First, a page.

Do you believe in curses?

This is an interesting article in the Huffington (here) about folks mailing rocks back to the general post office of Hawaii. If you read the article, you would know that the senders were returning volcanic rocks that they had picked up during their journeys to these pacific islands.

Why? Pele’s curse. Nope, not the footballer for those who know. LOL…

There is no deity in the Hawaiian islands with this name. Corrected: Pele is the Goddess of Fire and Lightning (thanks Lucy for sharing this). Do visit her at lovefoodwith lucy because we share a common love of food! Heheh.

It’s supposedly just a legend that if you take any sand or rock away from the islands, bad luck will befall upon you. Perhaps these folks had found out about the “curse”, or they had really encountered a series of unfortunate events? In any case we wrote about what ‘bad’ tourists and travelers bring home with them (here). Tsk tsk we hear you…

What we like to bring home with us aside from the usual tourist souvenirs would be pictures, photos and memories of the journey. As we recount the year, there were many striking instances that leave deep impressions upon us, but none of which will cause us anxiety such as that of Pele’s curse!

Maybe for Fengshui sake we might need to re-arrange the furniture a little…LOL. Hey but for some folks this is serious business and may lead to bad luck if they don’t observe the customs. Not a curse perhaps but close enough. Who wants bad luck?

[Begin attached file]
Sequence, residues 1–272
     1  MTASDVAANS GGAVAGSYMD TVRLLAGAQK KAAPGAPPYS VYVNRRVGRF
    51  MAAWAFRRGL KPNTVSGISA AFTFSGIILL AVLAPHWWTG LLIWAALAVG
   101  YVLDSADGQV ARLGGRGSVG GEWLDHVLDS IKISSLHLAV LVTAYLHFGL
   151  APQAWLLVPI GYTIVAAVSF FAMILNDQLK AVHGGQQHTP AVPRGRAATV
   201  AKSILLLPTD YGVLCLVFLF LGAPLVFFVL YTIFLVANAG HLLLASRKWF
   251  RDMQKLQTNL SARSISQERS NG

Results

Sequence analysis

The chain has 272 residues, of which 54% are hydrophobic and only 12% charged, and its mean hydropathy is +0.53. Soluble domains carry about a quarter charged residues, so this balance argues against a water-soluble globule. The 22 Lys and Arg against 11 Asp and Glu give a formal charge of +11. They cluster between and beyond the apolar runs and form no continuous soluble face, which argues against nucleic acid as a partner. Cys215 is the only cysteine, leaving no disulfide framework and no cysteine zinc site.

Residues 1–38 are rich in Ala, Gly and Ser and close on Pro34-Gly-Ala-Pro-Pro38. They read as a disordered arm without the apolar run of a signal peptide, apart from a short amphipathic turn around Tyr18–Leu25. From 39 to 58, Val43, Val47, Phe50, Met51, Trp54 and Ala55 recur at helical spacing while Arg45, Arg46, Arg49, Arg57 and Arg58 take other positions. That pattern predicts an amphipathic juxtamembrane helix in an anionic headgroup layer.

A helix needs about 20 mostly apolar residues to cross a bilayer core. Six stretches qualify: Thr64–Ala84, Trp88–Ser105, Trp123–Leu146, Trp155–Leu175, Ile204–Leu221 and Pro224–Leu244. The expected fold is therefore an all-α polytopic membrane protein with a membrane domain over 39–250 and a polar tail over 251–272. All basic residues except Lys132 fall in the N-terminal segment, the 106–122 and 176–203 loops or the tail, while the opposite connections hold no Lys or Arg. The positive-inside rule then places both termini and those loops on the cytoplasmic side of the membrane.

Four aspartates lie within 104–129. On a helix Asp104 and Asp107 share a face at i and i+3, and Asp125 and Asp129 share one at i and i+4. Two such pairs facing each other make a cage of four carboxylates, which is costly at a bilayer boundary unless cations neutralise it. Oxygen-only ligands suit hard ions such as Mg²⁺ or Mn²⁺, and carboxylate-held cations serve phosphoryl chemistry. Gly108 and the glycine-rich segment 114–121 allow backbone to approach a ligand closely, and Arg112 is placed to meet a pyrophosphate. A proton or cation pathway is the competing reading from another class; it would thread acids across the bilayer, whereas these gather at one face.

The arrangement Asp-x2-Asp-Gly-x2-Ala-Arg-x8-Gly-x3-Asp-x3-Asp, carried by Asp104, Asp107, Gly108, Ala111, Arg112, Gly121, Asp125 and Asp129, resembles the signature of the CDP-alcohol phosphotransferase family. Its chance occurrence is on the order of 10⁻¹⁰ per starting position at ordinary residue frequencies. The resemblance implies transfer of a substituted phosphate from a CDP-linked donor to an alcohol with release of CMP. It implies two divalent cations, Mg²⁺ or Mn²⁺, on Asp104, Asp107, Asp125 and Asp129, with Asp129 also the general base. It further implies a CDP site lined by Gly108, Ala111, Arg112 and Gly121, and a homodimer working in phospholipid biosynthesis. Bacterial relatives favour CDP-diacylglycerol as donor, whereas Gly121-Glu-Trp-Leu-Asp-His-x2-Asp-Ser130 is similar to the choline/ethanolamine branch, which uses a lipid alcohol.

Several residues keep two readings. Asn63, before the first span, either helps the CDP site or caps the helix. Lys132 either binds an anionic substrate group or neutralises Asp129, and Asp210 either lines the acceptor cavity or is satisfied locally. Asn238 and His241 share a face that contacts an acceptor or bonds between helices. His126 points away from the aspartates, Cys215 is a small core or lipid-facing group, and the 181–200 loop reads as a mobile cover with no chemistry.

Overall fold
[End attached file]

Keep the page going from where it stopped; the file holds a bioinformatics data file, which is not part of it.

Have you any similar stories to share about taboos that tourists should look out for?

Author: Mel & Suan

Mel works his day job for a living, but lives for antiquities, history and geography at all other times. He enjoys writing and thought sharing and obviously traveling. Suan is a homey person, who like girlie stuff such as cross stitching etc. Enjoys shopping & modeling for Mel. What a match!

30 thoughts on “Do you believe in curses?”

  1. And the thing with Feng Shui and curses and superstitions is that if there is no harm in following them, then it’s better to do Feng Shui, etc. because what if they are true? 🙂
    Normally, my bag cannot hold all my shopping and old clothes and shoes I took with me and bringing back so no space for things that belong to nature. LoL!

    Liked by 1 person

  2. Interesting. I think sometimes ‘curses’ are created to discourage the hordes of tourists from destroying landmarks. I try to avoid bringing back anything physical back other than the occasional shells

    Liked by 1 person

    1. We collect photos and memories lol! It says a lot when curses have to be resorted to discourage folks from defacing, taking or outright damaging the places that are being visited. When can we be ‘cultured’ enough? sigh.

      Liked by 1 person

  3. If nothing else, it is a lesson on respecting the culture of the area where we are traveling. The wilderness motto forever has been “Take only photos. Leave only footprints.” Maybe taking Pele’s rocks leads her to throw up more lava to replace the missing ones. 🙂 –Curt

    Liked by 1 person

      1. Yeah, like what i mentioned in my post – Let’s Keep Clean – leave the place looking the same before we were there whether in the city we live in or visit. Glad to see that you are writing post on this topic. Keep writing!

        Liked by 1 person

  4. Mel and Susan! I got back from my cruise trip to Hawaiian islands 2 weeks ago, and I heard about this Madam Pele’s curse from multiple sources. When people takes lava rock out of the island of Hawaii, Madam Pele’s curse will cause all sorts of unfortunate events. People do send the lava rock back to the post office on the island to return to the ground. I thought it was very interesting. I visited Hawaii Volcanoes National park and saw active volcano, too. I have been thinking about writing a blog post about Hawaii (and its close connection to Japan) in my next blog. Stay tuned!

    Liked by 2 people

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